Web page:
The day before the Crusade, Vold and several of the other evangelists took the subway from Manhattan toward Flushing Meadows Corona Park. Somewhere between witnessing to a subway rider and transferring to another train, Vold was separated from the group. After riding for what seemed like hours, he decided to walk to the park. A fellow subway rider told him it would be a long wayÑbut Vold had had enough public transportation.
As he went down the street, he prayed for the people God was drawing to Himself. “I want this sidewalk for You,” he told the Lord. “And I don’t want to meet anyone unless they come to You. Lord, this is Your street.” Here, in his own words, is the story of his walk from the subway to Flushing Meadows Corona Park.
The farther I walked, the spiritually darker it became. I got to a rough-looking area, and I realized that I stood out. I started feeling uncomfortable. As I walked I saw a fight break out–two men against several others. I crossed to the other side of the street–but it felt like I walked away from God. I reminded myself that I had claimed this sidewalk for Christ and that I should not be fearful.
I walked back–right into the middle of the fight–and pulled out a Crusade invitation. “Excuse me,” I said. “Do you guys know where Flushing Meadows Corona Park is?”
They just stared at me like, “What?” But my interruption stopped the fight, and the two guys walked off. The leader of the other group was right in my face, cussing. Spit was flying out of his mouth and onto my face.
“What are you selling?” he said. I told him that I wasn’t selling anything. Showing him the invitation, I said, “This may look like an older man, but his message is strong.”
“Why are you here?” he demanded. I told him that I believe in this man’s message.
“What’s his message?” he asked.
Soon I was engaged in conversation with him. About five of his friends gathered around me. As the leader cussed at me, I preached the Gospel. His aggression was actually empowering the Gospel–I had zero fear. I had total peace. I could feel the Holy Spirit right there.
Each time I made an appeal for him to accept Christ, he bowed his head and tried but couldn’t do it. He cussed in my face and seemed held back from making the decision even though he tried … there wasn’t much left to say. He was angry. I was face to face with him, and his eyes were full of emptiness. It seemed like he couldn’t receive salvation, even though he appeared to want it.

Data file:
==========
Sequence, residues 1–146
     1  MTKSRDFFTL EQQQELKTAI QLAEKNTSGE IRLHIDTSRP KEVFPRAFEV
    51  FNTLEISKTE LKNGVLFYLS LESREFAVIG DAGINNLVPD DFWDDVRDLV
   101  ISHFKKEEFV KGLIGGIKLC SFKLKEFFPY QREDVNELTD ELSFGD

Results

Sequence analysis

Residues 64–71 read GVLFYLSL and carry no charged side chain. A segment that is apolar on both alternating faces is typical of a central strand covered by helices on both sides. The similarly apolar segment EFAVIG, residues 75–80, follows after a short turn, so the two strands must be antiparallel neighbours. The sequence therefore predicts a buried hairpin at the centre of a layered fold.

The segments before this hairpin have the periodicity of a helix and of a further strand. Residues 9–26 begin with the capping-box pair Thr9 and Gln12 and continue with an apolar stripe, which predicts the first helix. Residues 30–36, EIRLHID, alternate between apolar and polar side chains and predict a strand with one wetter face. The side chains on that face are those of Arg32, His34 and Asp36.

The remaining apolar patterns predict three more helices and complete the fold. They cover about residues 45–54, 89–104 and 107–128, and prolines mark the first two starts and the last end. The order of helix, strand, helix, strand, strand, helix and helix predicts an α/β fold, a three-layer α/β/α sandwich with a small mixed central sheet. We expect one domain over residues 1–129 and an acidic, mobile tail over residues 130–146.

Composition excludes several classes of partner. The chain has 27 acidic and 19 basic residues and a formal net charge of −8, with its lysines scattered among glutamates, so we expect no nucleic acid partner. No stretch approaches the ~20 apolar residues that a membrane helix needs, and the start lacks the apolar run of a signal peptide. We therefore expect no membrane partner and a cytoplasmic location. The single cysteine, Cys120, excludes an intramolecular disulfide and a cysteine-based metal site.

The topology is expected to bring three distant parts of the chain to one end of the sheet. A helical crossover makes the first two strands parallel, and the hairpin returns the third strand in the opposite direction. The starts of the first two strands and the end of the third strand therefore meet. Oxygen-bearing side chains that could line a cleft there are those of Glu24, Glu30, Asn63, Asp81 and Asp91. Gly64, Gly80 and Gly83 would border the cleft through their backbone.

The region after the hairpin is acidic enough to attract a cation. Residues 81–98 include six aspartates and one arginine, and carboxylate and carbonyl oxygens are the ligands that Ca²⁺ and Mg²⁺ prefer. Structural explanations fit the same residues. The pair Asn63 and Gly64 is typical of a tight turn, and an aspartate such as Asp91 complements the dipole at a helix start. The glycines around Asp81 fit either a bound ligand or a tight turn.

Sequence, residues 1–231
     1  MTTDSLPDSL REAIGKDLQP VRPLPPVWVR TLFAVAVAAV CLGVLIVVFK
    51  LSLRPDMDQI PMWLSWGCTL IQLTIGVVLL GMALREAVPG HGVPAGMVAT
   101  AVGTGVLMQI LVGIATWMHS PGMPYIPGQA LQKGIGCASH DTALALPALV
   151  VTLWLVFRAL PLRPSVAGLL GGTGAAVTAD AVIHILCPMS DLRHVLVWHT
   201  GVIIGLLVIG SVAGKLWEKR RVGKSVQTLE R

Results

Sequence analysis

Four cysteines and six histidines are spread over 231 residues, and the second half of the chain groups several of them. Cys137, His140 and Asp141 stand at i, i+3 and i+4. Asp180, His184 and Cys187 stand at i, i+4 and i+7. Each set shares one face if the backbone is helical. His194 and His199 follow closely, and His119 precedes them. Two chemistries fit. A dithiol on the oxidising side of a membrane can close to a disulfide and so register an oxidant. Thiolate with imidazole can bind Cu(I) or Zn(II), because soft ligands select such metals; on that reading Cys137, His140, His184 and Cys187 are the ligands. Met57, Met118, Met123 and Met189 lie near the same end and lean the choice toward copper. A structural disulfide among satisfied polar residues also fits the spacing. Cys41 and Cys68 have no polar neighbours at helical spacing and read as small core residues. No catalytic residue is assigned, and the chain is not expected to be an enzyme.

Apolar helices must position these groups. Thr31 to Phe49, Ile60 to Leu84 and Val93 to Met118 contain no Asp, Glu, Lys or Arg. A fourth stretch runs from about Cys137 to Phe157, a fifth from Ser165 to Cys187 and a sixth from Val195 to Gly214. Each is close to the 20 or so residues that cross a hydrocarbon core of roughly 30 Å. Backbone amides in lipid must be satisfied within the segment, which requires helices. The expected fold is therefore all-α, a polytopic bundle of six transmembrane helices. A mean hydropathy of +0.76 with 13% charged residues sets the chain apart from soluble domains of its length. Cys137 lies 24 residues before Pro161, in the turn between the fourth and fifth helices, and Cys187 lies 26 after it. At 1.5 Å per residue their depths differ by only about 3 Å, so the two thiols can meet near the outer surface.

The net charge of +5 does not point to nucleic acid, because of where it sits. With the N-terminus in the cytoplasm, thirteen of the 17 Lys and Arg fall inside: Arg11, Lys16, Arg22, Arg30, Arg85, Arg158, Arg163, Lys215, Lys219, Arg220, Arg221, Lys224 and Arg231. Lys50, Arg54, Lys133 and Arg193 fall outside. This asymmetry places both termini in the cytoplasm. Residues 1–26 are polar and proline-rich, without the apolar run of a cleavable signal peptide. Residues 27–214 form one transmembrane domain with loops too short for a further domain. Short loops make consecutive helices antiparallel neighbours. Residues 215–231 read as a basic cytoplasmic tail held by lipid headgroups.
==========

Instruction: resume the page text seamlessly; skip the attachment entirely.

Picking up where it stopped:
“Satan, you don’t belong here,” I said calmly. “You have no place in this man’s life. Be quiet and come out of him.” I had never done that before, but after I said it, the situation went from chaos to complete peace. I asked the leader, “What is it that you want?”
“I want a family,” he answered. I told him that God loved Him and that he could be adopted as God’s son through Jesus Christ. “He loves you. He’s your Father, and you can become a child of God.” Through the Holy Spirit I quoted passages about the family of God. I told him the story of the prodigal son and how the father longed for him to come home. Then I asked him if he wanted to accept Christ as his Lord and Savior.
He looked up at me as tears poured out of his eyes. Right there, in front of his friends, he asked Jesus to come into his heart. We embraced. “I’m in the family,” he said over and over. “We’re brothers.”
I said, “Welcome into the family of God.” Then I looked at the other guys and asked if they wanted to be in the family of God. They all said yes. We prayed, and they accepted Christ. Before I left them, they walked me to the edge of the street. The leader, with a glowing face and the Light in his eyes, embraced me and said, “I will never be the same. I am in the family of God.”
“Brother,” I said, “if I don’t see you again in this life, I will see you in heaven.” I left them, and before long it began to rain. Then there was a downpour. By the time I reached the park, it was almost totally vacant. I prayed that as the rain was coming down, so would God’s Spirit as people gathered the next three days for the Billy Graham Crusade.